The three-story, stone facade of the Federal Reserve Bank on Delaware Avenue is imposing but inconspicuous.
The hedges are trimmed.
Marigolds are blooming.
It's hardly Fort Knox. No rifle-toting, uniformed guards stand at attention at the front double glass doors.
In fact, the security turret encased in bulletproof glass and overlooking the entrance to the branch at 160 Delaware Ave. is empty.
In sum, there is little, if anything, to catch the eye of a passing pedestrian or motorist.
Only when robbers lift $10.8 million from an armored car headed for this Buffalo branch of the Federal Reserve Bank of New York do people wake up and notice what's in their backyard.
"This is the worst thing that could possibly happen," said Gary Weintraub, who oversees the branch's cash division. "We run a big operation here, and we try to keep a low profile."
The last thing bank officials want to do is attract attention.
Investigators are continuing to interview witnesses who either saw the armored vehicle Tuesday morning outside Rochester or the gray custom van crammed with empty Federal Bank money trays that was discovered Wednesday.
The intense publicity is especially frustrating, Weintraub said, because the heist has not affected branch operations.
The Federal Reserve is not responsible for transporting money from local lending institutions to the facility. "That's between the individual bank and the armored truck company," he said.
As a banker's bank, the Federal Reserve takes in billions of dollars in cash and checks from lending institutions each year. The Buffalo facility alone handles transactions for more than 400 bank branches in more than 30 counties in the state.
The daily flow of dollars into Buffalo is "in the tens of millions," Weintraub said.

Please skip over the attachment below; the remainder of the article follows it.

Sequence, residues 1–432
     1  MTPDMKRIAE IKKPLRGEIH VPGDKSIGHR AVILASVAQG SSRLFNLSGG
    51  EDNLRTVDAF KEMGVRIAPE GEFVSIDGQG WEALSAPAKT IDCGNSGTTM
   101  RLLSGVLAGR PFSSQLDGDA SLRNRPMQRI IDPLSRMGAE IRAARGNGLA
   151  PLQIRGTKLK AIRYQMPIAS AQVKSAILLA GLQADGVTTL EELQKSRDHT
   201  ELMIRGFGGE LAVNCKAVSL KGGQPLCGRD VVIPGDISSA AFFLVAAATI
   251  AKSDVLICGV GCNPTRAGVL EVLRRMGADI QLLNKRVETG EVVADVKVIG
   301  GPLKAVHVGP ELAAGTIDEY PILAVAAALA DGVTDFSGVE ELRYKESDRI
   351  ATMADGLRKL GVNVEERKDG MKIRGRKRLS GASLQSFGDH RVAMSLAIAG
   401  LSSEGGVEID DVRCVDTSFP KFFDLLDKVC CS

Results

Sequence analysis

Weintraub declined to comment on reports that at least a billion dollars is housed in the building. It's not that he doesn't know, however.
"We better be able to account for every penny," he said, noting that federal bank examiners could drop in at any moment.
With the help of more than 80 video cameras, bank auditors can track a bill from the loading dock to the vault.
"We know where the currency is and who's handled it at every step of the way," said Daniel Sikorski, assistant chief of the cash division.
The missing $10.8 million, if delivered as scheduled Tuesday, would have been unloaded in blue plastic containers marked "NYFRB."
Plastic money holders replaced the old canvas bags about five years ago. Though the new containers look flimsy, it's much easier to detect whether one has been tampered with, Weintraub said.
Once in the building, employees must not only count the funds, but sort it by denomination, chuck torn and old bills, and fish out counterfeit currency.
Huge sorting machines tackle the processing at a rate of 70,000 bills an hour -- or $1.4 million worth of $20 bills.
Ripped and crumpled bills unfit for circulation are shredded twice and then dumped into the garbage.
Workers are paired off to ensure no one is left alone with the crisp green bundles. Each potential staff member is carefully screened, and those in the cash division are tested almost every month.
For instance, management alters the bundle counts to make sure employees are alert and are recording discrepancies in their cash piles.
Despite all these security measures, few employees seem fazed by the millions of dollars passing through their fingertips each day.
"It's like carrying two packages of groceries," said a 32-year branch veteran, who stacks $100,000 bundles in one of the facility's vaults. "It's just paper to us.
"Just tell me how many to lift, so I can get it done and get home," he added.